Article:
As an intern of Project Udaan, which stands for giving Wings to the children, we have been working closely with about twenty to thirty children depending on the day. We were so happy to see "our kids" participating in this final event with such energy and enthusiasm. When the music came on they jumped through the crowd and onto the stage trying to bring us with them. Didi, sister and Buya, brother.. our new names.
The sessions have been a challenge. The fact that we are foreign to their culture leaves us a step behind the knowledge that might give us more direction. In the first few days of being with them, their energy and our inability to control them pushed us down. We slowly recuperated our control but being in a developping country leads to setbacks in all directions. The kids would show up to the session at different times, trickling in as jobs or parents would allow them. We really needed to keep a record of the children but each day the group would grow or shrink. Our lack of Hindi separated us from getting to know them as much as we would like, but they never stopped smiling or trying to get our attention. Translators weren't always present so the setbacks continued. Without a proper venue, we've been working in a fenced in grassyard. I've been calling these setbacks.. but being in India they are not setbacks, these are challenges that we must accept.
We've seen boys hitting and punching eachother, boys hitting girls, children crying, children throwing stones, climbing trees, smoking, and yelling.. yesterday we had to leave the session early because their behaviour was unexpectedly aggressive, but the good in them shines through far more then this behaviour.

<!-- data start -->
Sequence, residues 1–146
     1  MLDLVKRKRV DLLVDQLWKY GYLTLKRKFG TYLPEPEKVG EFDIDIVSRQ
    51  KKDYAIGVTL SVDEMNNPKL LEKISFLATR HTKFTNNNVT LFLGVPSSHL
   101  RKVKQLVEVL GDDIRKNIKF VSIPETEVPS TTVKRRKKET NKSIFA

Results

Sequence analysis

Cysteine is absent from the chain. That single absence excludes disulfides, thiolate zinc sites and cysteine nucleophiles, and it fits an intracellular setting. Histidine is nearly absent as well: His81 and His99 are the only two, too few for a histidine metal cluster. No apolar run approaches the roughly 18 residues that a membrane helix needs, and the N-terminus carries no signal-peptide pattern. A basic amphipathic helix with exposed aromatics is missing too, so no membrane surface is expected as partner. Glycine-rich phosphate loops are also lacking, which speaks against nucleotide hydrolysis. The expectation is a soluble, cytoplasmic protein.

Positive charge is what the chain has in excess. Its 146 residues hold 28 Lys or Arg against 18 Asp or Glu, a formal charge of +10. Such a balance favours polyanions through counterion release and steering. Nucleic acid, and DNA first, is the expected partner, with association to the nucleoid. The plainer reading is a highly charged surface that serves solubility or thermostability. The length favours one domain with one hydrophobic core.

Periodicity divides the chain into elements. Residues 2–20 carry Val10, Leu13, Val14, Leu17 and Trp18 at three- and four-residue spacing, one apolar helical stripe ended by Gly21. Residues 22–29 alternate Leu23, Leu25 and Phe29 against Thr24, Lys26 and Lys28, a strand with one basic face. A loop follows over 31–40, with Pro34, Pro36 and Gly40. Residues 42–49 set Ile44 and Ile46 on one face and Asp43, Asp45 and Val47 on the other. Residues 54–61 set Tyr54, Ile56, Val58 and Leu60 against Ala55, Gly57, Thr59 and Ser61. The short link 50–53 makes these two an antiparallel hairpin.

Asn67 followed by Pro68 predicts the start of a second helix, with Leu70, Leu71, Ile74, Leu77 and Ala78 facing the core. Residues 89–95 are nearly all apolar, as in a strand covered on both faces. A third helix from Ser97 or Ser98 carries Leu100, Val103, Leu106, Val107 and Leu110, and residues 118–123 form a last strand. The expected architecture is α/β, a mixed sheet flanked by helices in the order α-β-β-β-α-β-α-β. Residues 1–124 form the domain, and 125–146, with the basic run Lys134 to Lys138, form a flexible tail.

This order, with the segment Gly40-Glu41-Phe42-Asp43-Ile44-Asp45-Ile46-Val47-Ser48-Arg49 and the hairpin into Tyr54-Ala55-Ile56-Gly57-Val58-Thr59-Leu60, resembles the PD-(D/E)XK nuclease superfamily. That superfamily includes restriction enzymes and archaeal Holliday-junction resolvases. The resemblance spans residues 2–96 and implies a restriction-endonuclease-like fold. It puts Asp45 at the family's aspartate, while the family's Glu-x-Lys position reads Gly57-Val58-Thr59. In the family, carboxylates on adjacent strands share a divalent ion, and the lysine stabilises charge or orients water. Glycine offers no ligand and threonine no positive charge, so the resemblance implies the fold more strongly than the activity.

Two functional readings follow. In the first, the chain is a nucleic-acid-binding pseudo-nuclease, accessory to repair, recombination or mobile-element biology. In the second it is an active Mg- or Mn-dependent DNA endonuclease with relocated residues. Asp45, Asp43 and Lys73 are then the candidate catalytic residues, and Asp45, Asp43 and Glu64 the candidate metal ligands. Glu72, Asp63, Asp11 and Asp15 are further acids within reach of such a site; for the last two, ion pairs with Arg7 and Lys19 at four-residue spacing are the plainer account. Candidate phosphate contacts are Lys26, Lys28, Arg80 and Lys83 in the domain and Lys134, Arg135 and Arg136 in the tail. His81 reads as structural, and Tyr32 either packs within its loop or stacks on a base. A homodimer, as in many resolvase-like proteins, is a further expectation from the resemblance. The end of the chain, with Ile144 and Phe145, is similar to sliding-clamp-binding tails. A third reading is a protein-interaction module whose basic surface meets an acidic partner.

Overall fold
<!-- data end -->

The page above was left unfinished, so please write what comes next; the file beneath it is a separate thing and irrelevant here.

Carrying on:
In times when everything is in order and all of the children are paying attention it's obvious that they are enjoying themselves. Each day we choose two captains of the day who had shown leadership skills and who are responsible for leading the group out of the yard. Each day we also try to get their feedback about the lessons they had learnt and what they enjoyed. Some days when I hear them speak about how nice it was to work as a team with eachother or how they understood that they shouldn't cheat in a game because it isn't fair or that they just liked everything we did that day, it's truly rewarding.
Some of the children have really stood out to me, showing caring and honest characters. Some moments have also stuck with me. Yesterday there was a goat walking around in the yard (it's not uncommon) and it's legs were tied with a string so it couldn't walk properly. In the past I've seen children throwing things at animals or hitting them, but yesterday the kids worked together to untaggle it's legs. On the second day sitting in groups we asked the children a few questions about their lifestyles and their personalities. We asked the children of our group what they were afraid of and a few boys answered God. When I asked why they said because when they die God will punish them by hitting them and slapping them, taught by their religion. Another day when we were naming the captains a small boy named Useer was named captain and you could see the pride as he stood in front of the group. A few boys shared with everyone that they were happy that we chose him as captain.
It's always hard to watch the kids show up in the same outfits everyday, a little dirtier then the day before. Or to see the scarrs on some of their legs that start from the knee and go down to their ankle, it's obvious that they weren't able to recieve stitches or proper care. Some days a few of the children seem tired or sad, being present but not actually present in the moment with the group. Learning about their potential and their individuality is a huge part of our project, but at times when I see how happy they are to be with us I would gladly drop the rest to be with them for longer. Such a short amount of days here left, I just hope that I can fit them all in my suitcase.